- This flag turns on the icecast2 fileserver from which static files can be served. All files are served relative to the path specified in the
<paths><webroot> configuration setting.
- An optional mountpoint to use when shoutcast DSP compatible clients connect. The default is /stream but can be overridden here to use an alternative name which may include an extension that some clients require for certain formats.
This section contains the server’s relay settings. There are two types of relays: a “Master server relay” or a “Specific Mountpoint relay.” A Master server relay is only supported between icecast2 servers and is used to relays all mountpoints on a remote icecast2 server.
The following diagram shows the basics of doing a Master relay. Note that Server 1 is configured with the
<master-server-port>, etc settings and Server 2 is the server from which Server 1 will pull all attached mountpoints and relay them. Using a Master Server relay, ALL mountpoints on Server 2 will be relayed. If only specific mountpoints need to be relayed, then you must configure Server 1 as a “Specific Mountpoint Relay”. Both Master server relays and Specific Mountpoint relays begin their “relaying” when the Server is started.
| | all mountpoints | | /mount1
| | <------------------- | | /mount2.ogg
|-----| |-----| /mount3
Icecast 2 Icecast 2
Server 1 Server 2
(RELAY SERVER) (MASTER SERVER)
A server is configured as a Master Server relay by specifying the
<master-password> values in the config file. The server that is being relayed does not need any special configuration.
- This is the IP for the server which contains the mountpoints to be relayed (Master Server).
- This is the TCP Port for the server which contains the mountpoints to be relayed (Master Server).
- The interval (in seconds) that the Relay Server will poll the Master Server for any new mountpoints to relay.
- This is the relay password on the Master server. It is used to query the server for a list of mountpoints to
Specific Mountpoint Relay
The following diagram shows the basics of doing a Specific Mountpoint relay. Note that Server 1 is configured with the
<relay> settings and Server 2 is the server from which Server 1 will pull the specified mountpoint(s) and relay them. Using a Specific Mountpoint Relay, only those mountpoints specified on Server 1 will be relayed from Server 2.
| | /mount3 | | /mount1
| | <------------------- | | /mount2.ogg
|-----| |-----| /mount3
Icecast 2 Icecast 2/Shoutcast/Icecast
Server 1 Server 2
(RELAY SERVER) (REMOTE SERVER)
Specific Mountpoint Relays can be configured to relay from an Icecast 2 server, as well as Icecast 1.x and Shoutcast.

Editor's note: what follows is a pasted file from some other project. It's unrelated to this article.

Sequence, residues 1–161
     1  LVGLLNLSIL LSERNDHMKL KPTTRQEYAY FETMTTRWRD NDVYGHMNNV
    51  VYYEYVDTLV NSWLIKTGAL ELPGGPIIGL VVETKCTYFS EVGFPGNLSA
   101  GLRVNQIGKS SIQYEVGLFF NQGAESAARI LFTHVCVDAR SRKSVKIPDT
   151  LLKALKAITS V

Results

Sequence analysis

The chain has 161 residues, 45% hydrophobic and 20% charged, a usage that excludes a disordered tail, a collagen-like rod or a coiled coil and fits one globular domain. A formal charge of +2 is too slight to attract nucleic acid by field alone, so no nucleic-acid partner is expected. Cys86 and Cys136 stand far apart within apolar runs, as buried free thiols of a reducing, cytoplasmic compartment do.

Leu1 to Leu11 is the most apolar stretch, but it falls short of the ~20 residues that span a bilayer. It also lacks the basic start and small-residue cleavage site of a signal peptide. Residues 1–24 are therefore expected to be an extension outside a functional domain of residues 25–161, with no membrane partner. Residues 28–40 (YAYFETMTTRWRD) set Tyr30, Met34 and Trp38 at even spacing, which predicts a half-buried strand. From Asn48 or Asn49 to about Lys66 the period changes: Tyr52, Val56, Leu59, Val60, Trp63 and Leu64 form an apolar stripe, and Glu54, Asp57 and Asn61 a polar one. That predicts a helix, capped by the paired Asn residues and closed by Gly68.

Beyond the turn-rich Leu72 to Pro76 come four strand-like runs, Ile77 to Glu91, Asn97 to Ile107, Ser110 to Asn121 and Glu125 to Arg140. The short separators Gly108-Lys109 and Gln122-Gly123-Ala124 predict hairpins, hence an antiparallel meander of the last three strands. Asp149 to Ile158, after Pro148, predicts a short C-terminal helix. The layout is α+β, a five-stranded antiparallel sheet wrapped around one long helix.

A server is configured as a Specific Mountpoint Server relay by specifying a
<relay> XML chunk in the config file
for each mountpoint to be relayed. The server that is being relayed does not need any special configuration.
- This is the IP for the server which contains the mountpoint to be relayed.
- This is the TCP Port for the server which contains the mountpoint to be relayed.
- The mountpoint located on the remote server. If you are relaying a shoutcast stream,
this must be
- The name to use for the local mountpoint. This is what the mount will be named on the RELAY SERVER.
- The source of the relay may require authentication itself, if so state the username here.
- The source of the relay may require authentication itself, if so state the password here.
- If you are relaying a Shoutcast stream, you need to specify this indicator to also relay the metadata (song titles) that is part of the Shoutcast stream.
Mount Specific Settings
<option name="filename" value="myauth"/>
<option name="allow_duplicate_users" value="0"/>
This section contains settings which apply only to a specific mountpoint. Within this section you can reserve a specific mountpoint and set a source username/password for that mountpoint (not yet implemented) as well as specify individual settings which will apply only to the supplied mountpoint.
- The name of the mount point for which these settings apply.
- An optional value which will set the username that a source must use to connect using this mountpoint.
- An optional value which will set the password that a source must use to connect using this mountpoint.
- An optional value which will set the maximum number of listeners that can be attached to this mountpoint.
- An optional value which will set the filename which will be a dump of the stream coming through
on this mountpoint.
- This optional value specifies a mountpoint that clients are automatically moved to if the source shuts down or is not streaming at the time a listener connects. Only one can be listed in each mount and should refer to another mountpoint on the same server that is streaming in the same streaming format.
If clients cannot fallback to another mountpoint, due to a missing fallback-mount or it states a mountpoint that is just not available, then those clients will be disconnected. If clients are falling back to a mountpoint and the fallback-mount is not actively streaming but defines a fallback-mount itself then those clients may be moved there instead. This multi-level fallback allows clients to cascade several mountpoints.